Error, stress and the role of neuromotor noise in space oriented behaviour
SourceBiological Psychology, 51, 2, (2000), pp. 151-172
Article / Letter to editor
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SW OZ DCC CO
SW OZ BSI OLO
SubjectAction, intention, and motor control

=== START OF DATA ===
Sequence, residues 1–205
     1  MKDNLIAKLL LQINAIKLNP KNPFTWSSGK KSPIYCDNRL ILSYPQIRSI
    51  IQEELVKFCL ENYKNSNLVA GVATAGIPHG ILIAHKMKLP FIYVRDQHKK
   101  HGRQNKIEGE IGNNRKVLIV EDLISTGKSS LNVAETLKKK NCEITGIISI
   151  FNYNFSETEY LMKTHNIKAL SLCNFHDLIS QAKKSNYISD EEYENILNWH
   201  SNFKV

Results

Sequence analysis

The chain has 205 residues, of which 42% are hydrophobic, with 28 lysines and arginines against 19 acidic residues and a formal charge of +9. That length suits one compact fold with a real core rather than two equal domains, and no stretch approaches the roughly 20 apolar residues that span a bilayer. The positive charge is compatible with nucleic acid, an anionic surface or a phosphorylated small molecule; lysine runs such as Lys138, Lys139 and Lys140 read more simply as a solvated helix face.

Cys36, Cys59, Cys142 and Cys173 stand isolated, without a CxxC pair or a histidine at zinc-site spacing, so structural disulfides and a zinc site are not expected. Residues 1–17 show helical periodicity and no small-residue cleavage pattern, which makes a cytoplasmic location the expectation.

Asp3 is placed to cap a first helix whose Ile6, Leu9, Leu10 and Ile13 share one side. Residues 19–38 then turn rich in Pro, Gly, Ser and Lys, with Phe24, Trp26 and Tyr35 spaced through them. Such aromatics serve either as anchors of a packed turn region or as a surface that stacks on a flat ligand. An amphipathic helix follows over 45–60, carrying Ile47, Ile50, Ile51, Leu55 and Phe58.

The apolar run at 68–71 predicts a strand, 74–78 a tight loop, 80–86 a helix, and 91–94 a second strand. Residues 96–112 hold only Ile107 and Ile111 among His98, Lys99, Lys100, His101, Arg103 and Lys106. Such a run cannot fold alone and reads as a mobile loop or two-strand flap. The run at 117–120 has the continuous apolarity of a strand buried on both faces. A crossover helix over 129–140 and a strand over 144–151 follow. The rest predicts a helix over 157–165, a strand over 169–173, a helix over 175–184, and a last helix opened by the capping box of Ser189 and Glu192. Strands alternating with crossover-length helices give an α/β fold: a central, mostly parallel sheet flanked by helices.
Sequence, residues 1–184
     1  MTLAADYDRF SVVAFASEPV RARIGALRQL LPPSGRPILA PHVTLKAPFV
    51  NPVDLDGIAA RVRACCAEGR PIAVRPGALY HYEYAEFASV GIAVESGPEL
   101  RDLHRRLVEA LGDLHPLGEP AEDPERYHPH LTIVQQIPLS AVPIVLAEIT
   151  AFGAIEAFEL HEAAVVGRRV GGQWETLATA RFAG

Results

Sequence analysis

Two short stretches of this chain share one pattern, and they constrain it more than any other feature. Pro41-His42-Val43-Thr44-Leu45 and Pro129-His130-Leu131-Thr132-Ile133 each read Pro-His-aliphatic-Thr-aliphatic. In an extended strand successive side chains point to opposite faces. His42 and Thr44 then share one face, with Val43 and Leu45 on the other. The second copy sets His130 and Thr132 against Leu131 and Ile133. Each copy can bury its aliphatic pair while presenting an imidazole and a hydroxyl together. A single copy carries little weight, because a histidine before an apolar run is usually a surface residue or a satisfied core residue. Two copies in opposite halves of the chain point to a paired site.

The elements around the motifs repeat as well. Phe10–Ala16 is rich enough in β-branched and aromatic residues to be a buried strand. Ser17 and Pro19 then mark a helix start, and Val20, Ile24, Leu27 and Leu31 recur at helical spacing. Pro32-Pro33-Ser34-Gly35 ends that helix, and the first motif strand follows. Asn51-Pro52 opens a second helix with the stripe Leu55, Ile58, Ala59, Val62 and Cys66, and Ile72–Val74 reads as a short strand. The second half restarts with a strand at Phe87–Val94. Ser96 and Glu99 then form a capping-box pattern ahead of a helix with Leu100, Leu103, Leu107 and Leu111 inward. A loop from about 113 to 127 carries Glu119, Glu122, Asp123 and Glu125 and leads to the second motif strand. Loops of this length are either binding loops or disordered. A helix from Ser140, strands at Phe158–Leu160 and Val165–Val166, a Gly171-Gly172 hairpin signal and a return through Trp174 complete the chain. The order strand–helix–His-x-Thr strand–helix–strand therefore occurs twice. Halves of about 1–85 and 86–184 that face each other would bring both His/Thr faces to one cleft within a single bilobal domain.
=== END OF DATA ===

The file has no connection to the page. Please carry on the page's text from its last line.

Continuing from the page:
In this article both movement errors and successful movements are considered to be the product of varying ratios of muscle force signals and the composite of neuromotor noise in which the force signal is embedded. Based on earlier work we derived four propositions which together form a theoretical framework for understanding the incidence of error in conditions of time pressure and mental load. These propositions are (1) motor behaviour is an inherently stochastic and therefore noisy process, (2) biophysical, biomechanical and psychological factors all contribute to the level of neuromotor noise in a movement signal, (3) endpoint variability of movement is related to the signal-to-noise ratio of the forces which drive the moving limb to the target, and (4) optimal signal-to-noise ratios in motor output can be arrived at by adjusting limb stiffness. In an experiment with a graphical aiming task in which subjects made pen movements to targets varying in width and distance, we tested the prediction that time pressure and dual task load would influence error rates and movement noisiness, together resulting in biomechanical adaptations of pen pressure. The latter is seen as a manifestation of a biomechanical filtering strategy to cope with increased neuromotor noise levels. The results confirmed that especially under time pressure error rates and movement noise were enhanced, while pen pressure was higher in both conditions of stress.
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